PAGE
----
Gentleness is only seen in relationships.  The mean person ignores this attribute that Paul clearly declares is necessary for all followers of Jesus.  Short tempered, foul mouthed, crabby, aggressive; Colossians says Christ followers clothe themselves with meekness and kindness – gentleness.  I see online chats in which supposed Christians aggressively assault sinners in a violent, mean-spirited tone.  They claim Christ but make no attempt to live out the gentle kindness that Paul insisted be part of the life of a Christ follower.  Gentleness is a mark of our relationships; it is most obvious in our words – both tone and content. 
Moreover, gentleness sets the course for the other virtues named here – compassion, humility, patience, love, and peace.  If I am gentle, you know you can approach me, and if you can approach, then there is potential for us together to work on compassion and show love.  What would your summer be if you decided, ‘this summer, I will become the gentle person Jesus is calling me to be?’
Get started this week by identifying one relationship that is particularly tension-filled.  It may be with a friend or a coworker, a fellow church member or an unbeliever, family member or neighbor.  But it has to be a relationship where gentleness has been lacking.  Ask God to make you a gentler person in that relationship.  Ask God to show you how.  Ask for special help when it gets particularly argumentative.  Ask God to intervene in your spirit in that very moment you are tempted to shoot a verbal dagger so that instead of being mean, you are clear but also kind, even in anger.  Identify one relationship which will be a point of emphasis in your prayers and in your daily effort to clothe yourself with gentleness as you follow Jesus as his disciple.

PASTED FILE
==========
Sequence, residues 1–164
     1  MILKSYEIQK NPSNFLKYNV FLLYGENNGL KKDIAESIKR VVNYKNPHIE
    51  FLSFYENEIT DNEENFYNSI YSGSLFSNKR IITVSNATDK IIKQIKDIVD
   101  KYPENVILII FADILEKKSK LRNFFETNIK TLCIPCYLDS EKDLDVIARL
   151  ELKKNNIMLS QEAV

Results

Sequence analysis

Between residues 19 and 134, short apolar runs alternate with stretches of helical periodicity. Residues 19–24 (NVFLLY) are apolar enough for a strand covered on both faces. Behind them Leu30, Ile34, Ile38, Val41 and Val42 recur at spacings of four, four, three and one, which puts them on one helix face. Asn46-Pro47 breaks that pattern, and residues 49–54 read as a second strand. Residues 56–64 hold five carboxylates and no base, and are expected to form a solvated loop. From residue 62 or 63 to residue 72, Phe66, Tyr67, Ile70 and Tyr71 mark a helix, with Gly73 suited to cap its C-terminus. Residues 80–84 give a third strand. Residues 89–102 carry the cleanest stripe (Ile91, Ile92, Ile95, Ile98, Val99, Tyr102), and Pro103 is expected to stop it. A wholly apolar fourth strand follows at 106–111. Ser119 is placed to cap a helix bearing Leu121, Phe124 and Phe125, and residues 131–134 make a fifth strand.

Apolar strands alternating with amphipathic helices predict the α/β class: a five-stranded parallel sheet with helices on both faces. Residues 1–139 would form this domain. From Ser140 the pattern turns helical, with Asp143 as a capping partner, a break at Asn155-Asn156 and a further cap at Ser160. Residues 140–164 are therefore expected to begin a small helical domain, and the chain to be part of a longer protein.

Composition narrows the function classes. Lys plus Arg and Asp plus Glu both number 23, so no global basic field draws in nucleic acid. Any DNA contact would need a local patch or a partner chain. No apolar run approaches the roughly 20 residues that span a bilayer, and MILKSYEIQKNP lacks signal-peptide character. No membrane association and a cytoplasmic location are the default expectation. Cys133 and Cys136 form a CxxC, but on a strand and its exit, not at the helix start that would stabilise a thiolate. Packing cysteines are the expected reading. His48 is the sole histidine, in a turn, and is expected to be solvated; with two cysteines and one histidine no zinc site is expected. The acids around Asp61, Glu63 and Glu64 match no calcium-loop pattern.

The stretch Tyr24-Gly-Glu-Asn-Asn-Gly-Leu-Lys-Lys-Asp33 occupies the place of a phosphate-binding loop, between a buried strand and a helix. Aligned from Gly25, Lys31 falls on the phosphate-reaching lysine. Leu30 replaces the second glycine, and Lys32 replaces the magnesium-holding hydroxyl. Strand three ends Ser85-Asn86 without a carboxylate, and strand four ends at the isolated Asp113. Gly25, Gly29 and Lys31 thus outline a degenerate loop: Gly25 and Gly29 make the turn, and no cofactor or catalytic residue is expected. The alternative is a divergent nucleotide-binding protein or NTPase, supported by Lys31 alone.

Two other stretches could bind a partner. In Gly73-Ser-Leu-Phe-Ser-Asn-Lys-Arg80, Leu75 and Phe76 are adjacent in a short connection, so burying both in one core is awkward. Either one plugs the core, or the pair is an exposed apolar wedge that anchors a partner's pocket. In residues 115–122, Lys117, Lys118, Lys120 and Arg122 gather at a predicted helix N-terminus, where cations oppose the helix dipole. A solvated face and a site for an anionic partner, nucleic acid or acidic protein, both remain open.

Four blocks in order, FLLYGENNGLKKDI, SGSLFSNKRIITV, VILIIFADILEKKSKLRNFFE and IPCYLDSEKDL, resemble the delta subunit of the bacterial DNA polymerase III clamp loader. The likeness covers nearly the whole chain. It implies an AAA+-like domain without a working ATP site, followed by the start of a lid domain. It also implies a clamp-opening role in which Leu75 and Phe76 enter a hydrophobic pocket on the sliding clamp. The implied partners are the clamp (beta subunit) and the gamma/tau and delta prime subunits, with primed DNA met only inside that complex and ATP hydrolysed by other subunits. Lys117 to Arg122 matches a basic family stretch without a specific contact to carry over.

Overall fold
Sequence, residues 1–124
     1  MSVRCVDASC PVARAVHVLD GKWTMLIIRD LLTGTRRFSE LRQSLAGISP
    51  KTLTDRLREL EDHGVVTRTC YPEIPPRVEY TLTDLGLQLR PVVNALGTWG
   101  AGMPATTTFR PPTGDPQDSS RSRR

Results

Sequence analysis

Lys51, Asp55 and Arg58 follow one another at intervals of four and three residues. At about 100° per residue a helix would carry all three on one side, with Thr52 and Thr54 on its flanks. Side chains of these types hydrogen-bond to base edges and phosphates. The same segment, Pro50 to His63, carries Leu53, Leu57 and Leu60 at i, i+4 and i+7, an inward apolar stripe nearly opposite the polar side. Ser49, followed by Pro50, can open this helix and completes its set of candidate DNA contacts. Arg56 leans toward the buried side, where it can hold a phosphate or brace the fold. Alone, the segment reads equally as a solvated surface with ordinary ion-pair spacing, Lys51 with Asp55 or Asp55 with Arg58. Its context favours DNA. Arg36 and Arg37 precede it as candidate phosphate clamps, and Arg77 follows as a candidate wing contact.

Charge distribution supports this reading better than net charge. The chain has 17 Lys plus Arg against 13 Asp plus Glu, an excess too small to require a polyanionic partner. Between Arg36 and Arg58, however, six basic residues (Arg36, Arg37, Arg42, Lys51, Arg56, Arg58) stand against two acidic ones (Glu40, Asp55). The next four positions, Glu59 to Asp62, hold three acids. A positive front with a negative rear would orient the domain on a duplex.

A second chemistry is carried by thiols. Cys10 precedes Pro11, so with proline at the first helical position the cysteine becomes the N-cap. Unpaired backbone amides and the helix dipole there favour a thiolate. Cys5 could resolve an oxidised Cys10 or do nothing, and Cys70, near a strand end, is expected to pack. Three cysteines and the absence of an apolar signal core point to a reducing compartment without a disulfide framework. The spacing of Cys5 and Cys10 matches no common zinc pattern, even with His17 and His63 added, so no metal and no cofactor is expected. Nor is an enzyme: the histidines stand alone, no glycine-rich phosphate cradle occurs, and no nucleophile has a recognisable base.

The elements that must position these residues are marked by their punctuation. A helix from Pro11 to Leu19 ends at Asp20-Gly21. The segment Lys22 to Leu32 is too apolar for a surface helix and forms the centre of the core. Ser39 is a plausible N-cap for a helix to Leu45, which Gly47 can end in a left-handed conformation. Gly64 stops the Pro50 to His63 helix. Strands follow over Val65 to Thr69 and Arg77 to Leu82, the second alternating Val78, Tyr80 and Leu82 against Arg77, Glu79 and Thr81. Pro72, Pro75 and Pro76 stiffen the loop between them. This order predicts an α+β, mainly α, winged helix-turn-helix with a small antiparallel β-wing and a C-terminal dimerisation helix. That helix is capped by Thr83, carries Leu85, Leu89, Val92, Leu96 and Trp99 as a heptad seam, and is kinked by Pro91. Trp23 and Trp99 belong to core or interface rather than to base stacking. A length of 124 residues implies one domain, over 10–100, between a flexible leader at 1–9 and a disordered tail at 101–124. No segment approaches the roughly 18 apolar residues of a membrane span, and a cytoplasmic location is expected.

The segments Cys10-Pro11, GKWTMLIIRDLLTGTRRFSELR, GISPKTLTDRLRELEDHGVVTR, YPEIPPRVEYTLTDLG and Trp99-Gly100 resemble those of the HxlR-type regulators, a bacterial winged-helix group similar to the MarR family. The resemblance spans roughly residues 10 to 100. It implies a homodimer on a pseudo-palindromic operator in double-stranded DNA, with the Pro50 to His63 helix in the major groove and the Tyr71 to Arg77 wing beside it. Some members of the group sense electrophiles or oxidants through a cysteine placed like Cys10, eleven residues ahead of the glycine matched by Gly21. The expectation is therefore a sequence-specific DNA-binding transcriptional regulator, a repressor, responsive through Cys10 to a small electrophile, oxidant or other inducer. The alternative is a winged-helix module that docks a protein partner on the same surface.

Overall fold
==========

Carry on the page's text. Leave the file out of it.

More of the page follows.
In all of this, we discover our own stories – the story of me walking with Jesus and of you walking with him.  We set our lives by his standards.  We clothe ourselves with gentleness and thus we step into life in Christ. 
This morning, a first step on this pathway is the Lord’s Supper table – an ultimate act of gentle invitation.  That of course is a paradox because the bread we take represents the violent breaking of Jesus’ body.  The wine calls to mind his spilled blood.  His welcome to all of us to the warmth and intimacy of dinner with him comes at the expense of his life. 
Come and come with assurance.  Take the bread and cup and with it receive all the love Jesus has for you.  Let his love fill you, starting now.  Discover the next chapter in the story of Jesus and you, starting now.  You and I – we are chosen, beloved of God.  We have a place at this table simply by knowing how much we need him.  He owns our hearts.  He speaks through our lives.  So come.  Clothe yourselves with Christ.  Come to him.
AMEN



[ii] Wright (1986).  Tyndale New Testament Commentaries: Colossians and Philemon, IVP Academic Press, Nottingham, p.145-6.

Monday, June 16, 2014

The View From Above (Colossians 3:1-4, 18-22)

Sunday, June 15, 2014
Father’s Day

          Someone remarked to me recently that while she and her husband were praying together as they regularly do, my name came up.  The husband mentioned a concern for me, something specific I was dealing with at the time.  I had not told anyone.  He had no way of knowing my struggle.  Yet this man was praying for me in a way that I really needed.  The Holy Spirit struck his heart to pray for me.
          One aspect of this that brings me great joy has nothing to do with me.  I was thrilled to hear this woman say, as if it were the most natural thing in the world, that she and her husband regularly pray together.  I don’t know about other pastors, but I love to hear people talk about their prayer lives.